At the second event in Dundee, Chris van der Kuyl from Brightsolid gave a fascinating and motivational presentation on why games should be used in education. Chris was responsible for bringing MineCraft to the XBOX360 which became the fastest and biggest selling game on XBOX live marketplace ever, selling something like 6.5 million copies in North America alone. He gave some fascinating insight into MineCraft and how it could be used in education. He also spoke about E3 and showed the video below of a wonderful looking creative game called Project Spark coming to XBOX1 later this year.
I presented at the conference on Games for Learning and demonstrated my xGames and Kinect Games. I also went into detail about an exciting Minecraft project that I had organised for Gerry Dougan, which was the brain spark of Derek Robertson from Education Scotland. I will do a separate blog post on this project later to do it justice, but in summary 8 teams of 4 from Scotland and Norway competed over 3 weeks in the virtual world of Minecraft via a shared online server, to create their vision of what an “Ideal Learning Environment” would look like. What they came up with, the hours they put in and the learning that went on inside the world, truly blew my mind.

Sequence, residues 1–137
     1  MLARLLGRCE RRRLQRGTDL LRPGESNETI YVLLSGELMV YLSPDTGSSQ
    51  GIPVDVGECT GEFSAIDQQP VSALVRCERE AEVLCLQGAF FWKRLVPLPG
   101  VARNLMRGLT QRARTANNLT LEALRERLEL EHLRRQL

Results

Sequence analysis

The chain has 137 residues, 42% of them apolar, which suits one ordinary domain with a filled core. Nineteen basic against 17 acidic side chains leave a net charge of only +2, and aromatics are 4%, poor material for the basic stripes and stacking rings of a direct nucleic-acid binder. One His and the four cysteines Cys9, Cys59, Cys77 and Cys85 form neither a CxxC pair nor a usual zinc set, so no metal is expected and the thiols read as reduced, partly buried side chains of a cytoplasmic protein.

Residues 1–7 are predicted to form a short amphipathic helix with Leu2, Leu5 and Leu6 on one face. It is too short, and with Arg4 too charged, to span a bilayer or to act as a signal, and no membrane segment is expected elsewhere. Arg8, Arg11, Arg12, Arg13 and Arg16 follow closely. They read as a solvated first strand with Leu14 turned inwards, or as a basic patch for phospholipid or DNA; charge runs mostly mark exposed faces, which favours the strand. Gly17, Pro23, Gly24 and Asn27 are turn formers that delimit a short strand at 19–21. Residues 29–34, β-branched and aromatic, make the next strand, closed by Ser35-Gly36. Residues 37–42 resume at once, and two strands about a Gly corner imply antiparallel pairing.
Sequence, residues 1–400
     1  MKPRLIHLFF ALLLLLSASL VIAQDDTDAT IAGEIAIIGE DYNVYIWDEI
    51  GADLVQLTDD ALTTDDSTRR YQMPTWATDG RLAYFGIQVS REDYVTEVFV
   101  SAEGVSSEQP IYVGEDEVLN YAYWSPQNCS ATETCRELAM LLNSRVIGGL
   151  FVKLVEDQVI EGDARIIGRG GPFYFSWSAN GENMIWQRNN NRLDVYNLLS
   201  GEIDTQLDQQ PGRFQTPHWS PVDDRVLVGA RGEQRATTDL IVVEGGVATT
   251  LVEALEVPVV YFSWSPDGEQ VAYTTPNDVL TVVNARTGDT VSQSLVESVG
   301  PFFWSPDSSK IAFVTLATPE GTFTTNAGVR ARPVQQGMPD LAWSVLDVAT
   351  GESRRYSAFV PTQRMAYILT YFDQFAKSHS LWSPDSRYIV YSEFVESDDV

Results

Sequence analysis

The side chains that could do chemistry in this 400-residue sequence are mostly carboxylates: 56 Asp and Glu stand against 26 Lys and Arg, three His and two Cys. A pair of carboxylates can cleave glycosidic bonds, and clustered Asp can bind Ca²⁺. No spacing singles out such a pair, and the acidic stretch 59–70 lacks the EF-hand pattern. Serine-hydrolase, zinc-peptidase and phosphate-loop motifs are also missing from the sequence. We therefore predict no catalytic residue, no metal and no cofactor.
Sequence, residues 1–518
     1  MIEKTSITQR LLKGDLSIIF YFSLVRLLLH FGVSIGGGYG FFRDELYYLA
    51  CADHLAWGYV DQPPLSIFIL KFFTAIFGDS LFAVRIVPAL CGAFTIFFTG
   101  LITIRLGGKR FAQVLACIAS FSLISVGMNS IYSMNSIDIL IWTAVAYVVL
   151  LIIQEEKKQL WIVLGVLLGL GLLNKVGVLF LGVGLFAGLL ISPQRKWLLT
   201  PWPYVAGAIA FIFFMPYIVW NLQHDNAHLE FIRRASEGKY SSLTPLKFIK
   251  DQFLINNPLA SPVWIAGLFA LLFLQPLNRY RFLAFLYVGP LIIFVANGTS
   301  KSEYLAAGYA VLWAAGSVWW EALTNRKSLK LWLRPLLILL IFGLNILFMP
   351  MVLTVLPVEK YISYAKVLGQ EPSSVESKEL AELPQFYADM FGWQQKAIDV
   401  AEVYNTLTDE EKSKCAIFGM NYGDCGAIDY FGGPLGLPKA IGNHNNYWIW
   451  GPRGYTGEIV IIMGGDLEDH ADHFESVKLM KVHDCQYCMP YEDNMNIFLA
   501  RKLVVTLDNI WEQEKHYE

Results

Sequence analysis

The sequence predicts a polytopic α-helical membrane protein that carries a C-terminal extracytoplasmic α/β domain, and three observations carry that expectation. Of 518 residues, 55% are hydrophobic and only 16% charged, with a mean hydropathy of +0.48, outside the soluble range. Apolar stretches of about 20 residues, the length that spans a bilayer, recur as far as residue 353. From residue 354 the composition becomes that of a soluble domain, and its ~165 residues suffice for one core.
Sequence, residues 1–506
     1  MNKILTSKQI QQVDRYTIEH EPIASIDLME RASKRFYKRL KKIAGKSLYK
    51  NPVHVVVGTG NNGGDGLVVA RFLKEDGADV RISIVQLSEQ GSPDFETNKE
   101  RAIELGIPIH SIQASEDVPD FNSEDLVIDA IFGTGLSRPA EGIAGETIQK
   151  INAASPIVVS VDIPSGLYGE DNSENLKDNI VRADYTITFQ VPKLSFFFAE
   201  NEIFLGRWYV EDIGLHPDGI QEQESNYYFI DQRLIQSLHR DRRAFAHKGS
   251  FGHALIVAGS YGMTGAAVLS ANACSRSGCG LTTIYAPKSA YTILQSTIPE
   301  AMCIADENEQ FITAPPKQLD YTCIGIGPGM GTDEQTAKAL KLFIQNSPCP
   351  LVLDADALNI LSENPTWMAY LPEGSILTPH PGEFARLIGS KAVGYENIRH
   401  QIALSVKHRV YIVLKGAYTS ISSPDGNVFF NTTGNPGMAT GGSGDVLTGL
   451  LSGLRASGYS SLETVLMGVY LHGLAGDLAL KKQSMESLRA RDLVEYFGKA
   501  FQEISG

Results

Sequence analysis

HEA STEM : Teaching and Learning Programming for Mobile and Tablet Devices
My final conference, before my summer holidays could properly begin, was a Programming for Mobile & Tablet Devices event at London MET University on the 25th of June 2013. It was literally a flying visit to London, down on Easyjet on Monday evening and back up Tuesday evening. I was reunited with Lee Stott and he presented on the Opportunities of Microsoft devices and services and I followed him with my now much rehearsed, presentation and demonstration of TouchDevelop, which you can download from here.
I must thank Jacob Habgood from Sheffield Hallam University, Simon Humphreys from CAS, Gerry Dougan from the College Development Network, Yanguo Jing from London MET and of course Lee Stott from Microsoft for having me at their events.
If you want to try TouchDevelop go to www.touchdevelop.com
You can download a free book on TouchDevelop from Microsoft research by clicking here.